With the 14th Mechatronics Forum International Conference, we celebrate 25 years of Mechatronics Forum conferences. Ever since the first conference in 1989 in Lancaster, the conference has succeeded in bringing together mechatronics experts, academic researchers and industrial practitioners alike, from all over the world in order to present and discuss new results and trends in mechatronics and to act as a stimulus for intensifying mechatronic approaches in research and product development. With its track record, the Mechatronics Forum conferences are the oldest series of mechatronics conferences still running.

With the 2014 event, jointly organised by Karlstad University and the University of Skövde with financial support from the City of Karlstad, the conference sets foot on Swedish soil for the second time in its history. This conference would not have been possible without the dedication en enthusiasm of many key players. Philip Moore and Andrew Plummer were among the people guiding the conference from the side of the Institution of Mechanical Engineers. Rudolf Scheidl, chairman of the preceding conference in Linz, provided much useful feedback and stimulated us to continue along the path of mini-symposia. Maria Kull handled all the registration issues as well as the local arrangements. Members of the International Programme Committee took various roles, not only in dedicating valuable time to actively reviewing submitted papers but also in identifying Keynote Speakers and in introducing new faces to the conference community. Through attracting new research communities and groups to the conference, the conference is continuously being renewed and enriched. This also demonstrates the high and ever increasing relevance of mechatronics as a research and applications field, which is the basis for the long-standing success of the conference series.

Mechatronics is sometimes associated with large complex systems. While such systems obviously provide some “show cases” for mechatronics, mechatronics becomes more and more important in our everyday life. Today, many consumer products are to some degree mechatronic products. Furthermore, the papers in this conference witness of the increasing role for mechatronics in environmental and social sustainability. Examples of the former are energy harvesting and minimization of energy requirements, for instance miniature sensors that harvest their own energy. Examples of the latter are many papers related to assisted living, which is important for an ageing population and for an inclusive society in which people with impairments can participate actively.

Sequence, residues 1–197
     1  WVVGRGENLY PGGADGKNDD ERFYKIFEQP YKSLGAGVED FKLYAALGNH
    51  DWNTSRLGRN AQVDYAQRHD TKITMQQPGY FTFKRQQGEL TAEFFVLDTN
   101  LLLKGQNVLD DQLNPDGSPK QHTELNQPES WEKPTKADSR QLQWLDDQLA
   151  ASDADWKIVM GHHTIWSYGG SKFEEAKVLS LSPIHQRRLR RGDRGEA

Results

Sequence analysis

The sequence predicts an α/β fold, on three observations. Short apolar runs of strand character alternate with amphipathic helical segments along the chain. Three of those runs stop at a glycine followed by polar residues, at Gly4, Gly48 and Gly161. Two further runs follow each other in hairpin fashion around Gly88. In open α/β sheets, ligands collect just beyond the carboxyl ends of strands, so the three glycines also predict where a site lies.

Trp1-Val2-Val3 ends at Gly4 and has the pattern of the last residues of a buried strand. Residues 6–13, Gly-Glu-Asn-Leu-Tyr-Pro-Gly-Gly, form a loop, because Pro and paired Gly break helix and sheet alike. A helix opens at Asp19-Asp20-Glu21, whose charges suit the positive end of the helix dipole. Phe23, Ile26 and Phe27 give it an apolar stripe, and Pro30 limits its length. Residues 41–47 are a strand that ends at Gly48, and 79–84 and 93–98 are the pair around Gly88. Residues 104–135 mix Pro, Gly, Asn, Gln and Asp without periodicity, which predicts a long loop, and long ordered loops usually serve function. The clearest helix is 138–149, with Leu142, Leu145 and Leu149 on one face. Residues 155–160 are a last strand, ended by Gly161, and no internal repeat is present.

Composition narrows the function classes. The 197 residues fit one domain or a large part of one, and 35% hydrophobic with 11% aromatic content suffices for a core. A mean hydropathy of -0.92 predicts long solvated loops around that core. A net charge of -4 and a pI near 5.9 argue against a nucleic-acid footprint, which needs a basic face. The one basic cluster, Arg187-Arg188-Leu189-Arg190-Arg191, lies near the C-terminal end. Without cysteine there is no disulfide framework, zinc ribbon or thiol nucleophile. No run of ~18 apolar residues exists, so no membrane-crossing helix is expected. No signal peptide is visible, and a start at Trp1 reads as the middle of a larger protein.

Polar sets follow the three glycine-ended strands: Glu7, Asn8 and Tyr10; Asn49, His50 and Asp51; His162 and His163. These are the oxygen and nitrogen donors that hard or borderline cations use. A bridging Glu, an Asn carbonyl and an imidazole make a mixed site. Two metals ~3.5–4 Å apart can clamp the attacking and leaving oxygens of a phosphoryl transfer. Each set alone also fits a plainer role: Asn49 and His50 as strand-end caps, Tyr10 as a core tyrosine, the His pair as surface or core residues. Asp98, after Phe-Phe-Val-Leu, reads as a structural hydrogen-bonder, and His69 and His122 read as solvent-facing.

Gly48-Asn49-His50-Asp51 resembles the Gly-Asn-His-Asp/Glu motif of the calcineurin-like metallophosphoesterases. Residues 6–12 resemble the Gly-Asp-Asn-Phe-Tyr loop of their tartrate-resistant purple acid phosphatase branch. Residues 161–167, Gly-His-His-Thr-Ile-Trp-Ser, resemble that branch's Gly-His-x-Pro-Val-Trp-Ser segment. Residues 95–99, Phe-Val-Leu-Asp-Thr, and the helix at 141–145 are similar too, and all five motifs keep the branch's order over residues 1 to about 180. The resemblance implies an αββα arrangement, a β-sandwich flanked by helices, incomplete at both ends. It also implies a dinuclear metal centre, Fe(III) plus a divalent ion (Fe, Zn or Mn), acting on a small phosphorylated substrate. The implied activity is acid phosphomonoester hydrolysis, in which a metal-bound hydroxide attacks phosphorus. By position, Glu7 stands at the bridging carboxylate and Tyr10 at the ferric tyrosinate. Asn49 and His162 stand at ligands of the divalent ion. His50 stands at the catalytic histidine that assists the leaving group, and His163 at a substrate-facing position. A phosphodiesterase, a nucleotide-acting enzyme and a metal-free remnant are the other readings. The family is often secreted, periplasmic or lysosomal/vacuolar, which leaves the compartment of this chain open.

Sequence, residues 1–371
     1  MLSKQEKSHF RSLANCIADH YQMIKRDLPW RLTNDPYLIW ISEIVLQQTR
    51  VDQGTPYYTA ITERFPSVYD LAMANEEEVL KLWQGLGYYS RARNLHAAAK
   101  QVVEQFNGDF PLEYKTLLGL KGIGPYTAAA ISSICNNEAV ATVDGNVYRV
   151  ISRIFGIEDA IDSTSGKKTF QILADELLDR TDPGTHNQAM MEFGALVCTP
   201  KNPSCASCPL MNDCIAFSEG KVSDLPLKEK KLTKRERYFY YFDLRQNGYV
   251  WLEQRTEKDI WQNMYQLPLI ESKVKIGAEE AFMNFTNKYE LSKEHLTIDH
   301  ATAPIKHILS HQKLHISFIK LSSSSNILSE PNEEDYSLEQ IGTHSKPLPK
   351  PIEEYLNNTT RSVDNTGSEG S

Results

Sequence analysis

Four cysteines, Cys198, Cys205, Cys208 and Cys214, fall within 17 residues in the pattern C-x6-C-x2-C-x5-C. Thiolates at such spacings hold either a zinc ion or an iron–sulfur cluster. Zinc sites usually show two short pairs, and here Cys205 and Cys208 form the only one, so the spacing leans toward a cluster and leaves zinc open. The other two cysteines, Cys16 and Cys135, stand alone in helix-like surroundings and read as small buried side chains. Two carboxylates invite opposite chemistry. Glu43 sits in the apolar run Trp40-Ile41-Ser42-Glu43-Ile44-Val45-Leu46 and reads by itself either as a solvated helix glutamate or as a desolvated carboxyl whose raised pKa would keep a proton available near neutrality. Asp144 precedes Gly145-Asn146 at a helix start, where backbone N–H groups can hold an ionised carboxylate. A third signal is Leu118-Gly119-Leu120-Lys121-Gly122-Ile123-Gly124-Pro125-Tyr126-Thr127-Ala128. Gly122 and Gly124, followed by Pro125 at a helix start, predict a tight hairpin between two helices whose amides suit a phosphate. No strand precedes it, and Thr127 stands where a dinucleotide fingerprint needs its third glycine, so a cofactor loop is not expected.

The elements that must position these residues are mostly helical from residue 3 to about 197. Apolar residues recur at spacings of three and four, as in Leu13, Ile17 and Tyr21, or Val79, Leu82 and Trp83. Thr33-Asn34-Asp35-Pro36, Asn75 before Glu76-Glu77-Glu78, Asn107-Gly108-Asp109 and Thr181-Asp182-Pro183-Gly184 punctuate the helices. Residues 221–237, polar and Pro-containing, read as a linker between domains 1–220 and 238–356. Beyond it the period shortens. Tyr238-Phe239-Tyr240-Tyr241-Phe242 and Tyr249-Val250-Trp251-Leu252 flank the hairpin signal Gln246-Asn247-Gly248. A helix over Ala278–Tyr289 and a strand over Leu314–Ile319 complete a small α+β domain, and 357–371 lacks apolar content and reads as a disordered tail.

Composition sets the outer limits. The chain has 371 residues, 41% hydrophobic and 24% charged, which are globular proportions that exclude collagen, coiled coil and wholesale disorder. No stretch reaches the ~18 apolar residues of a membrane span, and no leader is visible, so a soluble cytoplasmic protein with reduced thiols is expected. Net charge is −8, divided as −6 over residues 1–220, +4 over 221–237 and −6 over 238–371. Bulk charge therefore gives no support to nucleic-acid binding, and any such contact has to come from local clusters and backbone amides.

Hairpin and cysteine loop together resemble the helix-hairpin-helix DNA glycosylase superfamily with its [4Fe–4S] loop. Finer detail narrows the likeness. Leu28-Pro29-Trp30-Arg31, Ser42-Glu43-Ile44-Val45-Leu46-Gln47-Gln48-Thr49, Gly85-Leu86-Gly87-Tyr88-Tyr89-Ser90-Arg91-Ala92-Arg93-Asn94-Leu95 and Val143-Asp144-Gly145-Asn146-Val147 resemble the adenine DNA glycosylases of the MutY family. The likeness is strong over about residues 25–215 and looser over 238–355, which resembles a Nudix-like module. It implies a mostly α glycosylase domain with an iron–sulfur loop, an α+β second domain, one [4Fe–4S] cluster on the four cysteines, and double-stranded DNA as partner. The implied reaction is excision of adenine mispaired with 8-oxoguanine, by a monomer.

The proceedings of the 14th conference contain about 90 papers which are the result of a reviewing process that started off with over 140 abstracts submitted. This shows that the reviewing process has been rigorous to ensure that only papers of highest quality were accepted for publication and oral presentation. At the same time, many of the final papers included in the proceedings are authored or co-authored by research students, showing that the conference not only seeks to include new groups of senior researchers and industrial practitioners, but also embraces talented young researchers.

The Keynote talks will be delivered by four distinguished speakers: Prof. David Bradley will present “Mechatronics – Past, Present and Future”, Prof. Robert Gao “Intelligent Mechatronics for Advanced Manufacturing”, Prof. Shigeki Sugano “Human Symbiotic Robot - Design and Human Interaction”, and Prof. Rüdiger Dillmann “Status and recent progress towards interactive cognitive robot systems”.

The aim of this publication is to present the research results in mechatronics that are now state of the art, and indicate the possible future lines of development. The reader will appreciate the current challenges in modeling, control, actuation, sensing of mechatronics systems and the associated applications in industry and in society.

Leo J De Vin, Jorge Solis

Editors

Available from: 2014-06-05 Created: 2014-06-05 Last updated: 2020-01-24Bibliographically approved
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Identifiers
ORCID iD: ORCID iD iconorcid.org/0000-0002-3108-6893